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Controlling the brightness of RGB LED

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MisterG65

New Member
Good Morning
I'm trying to build a circuit to show students primary and secondary colours using an RGB LED (common cathode). Using switches gives an approximation but the colours are a bit off - eg yellow is more a lime green.

I'm trying to find suitable resistors to make it more convincing, but here I've encountered a problem. When changing the brightness of the Red component it goes from red to off and back to red again as I turn the pot (10k).

I'm attaching the circuit layout to see if this is basically wrong (I haven't really studied electronics for 30 years!)

Thanks in advance
 

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Dick Cappels

Active Member
The most likely reason the red LED goes off again is because you are not limiting the current and the die overheats to the point that the light output drops off so much that you can't see it. Either that or you have burned one end o f the resistive element in the pot. To guard against overheating and possibly ruining the LEDs and burning your pots, you really should have a fixed resistor in series with each LED. Based on the apparent size of the LED you should keep the current to a maximum of 20 ma.
 

audioguru

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The maximum allowed current for the LED is probably 30mA for each color. Without limiting the current then it might have been hundreds or thousands of mA. I bet the LED and the pot are burned out.
The power supply voltage is not mentioned. With a 9V battery and a current of 20mA in the 1.8V red part of the LED then a resistance of (9V - 1.8V)/20mA= 360 ohms or 330 ohms should be in series with the pot. The total resistance of 10,360 ohms will cause dimming but the LED will still be very visible.

EDIT: The green part and our vision are more sensitive than the red part so turn down the green level instead of overdriving the red.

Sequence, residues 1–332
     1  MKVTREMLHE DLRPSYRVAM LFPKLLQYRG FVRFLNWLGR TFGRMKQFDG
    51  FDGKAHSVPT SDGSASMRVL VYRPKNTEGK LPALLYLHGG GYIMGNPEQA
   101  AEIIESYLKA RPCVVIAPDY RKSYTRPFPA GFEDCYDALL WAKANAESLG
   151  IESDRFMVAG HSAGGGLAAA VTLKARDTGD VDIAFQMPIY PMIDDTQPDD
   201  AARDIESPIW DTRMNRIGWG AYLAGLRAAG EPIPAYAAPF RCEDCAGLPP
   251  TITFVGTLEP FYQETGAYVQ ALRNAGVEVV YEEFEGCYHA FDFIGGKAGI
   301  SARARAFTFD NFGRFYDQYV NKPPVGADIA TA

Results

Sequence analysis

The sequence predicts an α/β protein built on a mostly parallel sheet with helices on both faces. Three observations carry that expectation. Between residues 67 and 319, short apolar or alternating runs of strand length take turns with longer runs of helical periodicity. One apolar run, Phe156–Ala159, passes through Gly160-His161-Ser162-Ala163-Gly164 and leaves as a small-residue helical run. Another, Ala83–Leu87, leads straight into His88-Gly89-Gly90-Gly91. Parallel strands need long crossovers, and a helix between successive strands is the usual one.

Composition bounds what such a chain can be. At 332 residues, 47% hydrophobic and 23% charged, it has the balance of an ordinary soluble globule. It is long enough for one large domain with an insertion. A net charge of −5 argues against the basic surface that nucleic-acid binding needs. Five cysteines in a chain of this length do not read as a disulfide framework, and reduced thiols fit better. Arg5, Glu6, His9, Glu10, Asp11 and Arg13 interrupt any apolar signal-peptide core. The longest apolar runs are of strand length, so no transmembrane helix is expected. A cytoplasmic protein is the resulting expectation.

MisterG65

New Member
The red LED isn't burnt out AFAIK. The red colour appears at the extremes of the pot's rotation (ie 0Ω and 10kΩ). The green overrides it in between (blue was disconnected).
Sorry I didn't indicate the battery used - I've connected 2 AA cells, with a nominal total of 3V. My original circuit (attached) would take 9V but the colour balance was even worse.
 

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audioguru

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Your color balance is bad because the pots are not connected properly. It looks like you used pushbuttons instead of 10k pots. When a 10k pot is connected properly as a rheostat then it adjusts from 0 ohms smoothly to 10 thousand ohms. Then the brightness of the LED is bright when it has the 330 ohm resistor and is dim when it has 10,330 ohms.
3V from 2 alkaline cells is only when they are brand new. When they are used only a little then the blue and maybe the green will not light because they need about 3.2V.
 

MisterG65

New Member
Your color balance is bad because the pots are not connected properly. It looks like you used pushbuttons instead of 10k pots.
Which of my diagrams are you looking at? The image at the top of the thread it the current set up, with the pots. The second one does have pushbuttons. This is just to show you what I am trying to work towards. In the "pushbutton" circuit the current limiting resistors are all the same. I'm trying to use the potentiometer circuit to fine tune this, using different resistors to alter the brightnesses of the three components. I am open to suggestions!
 

audioguru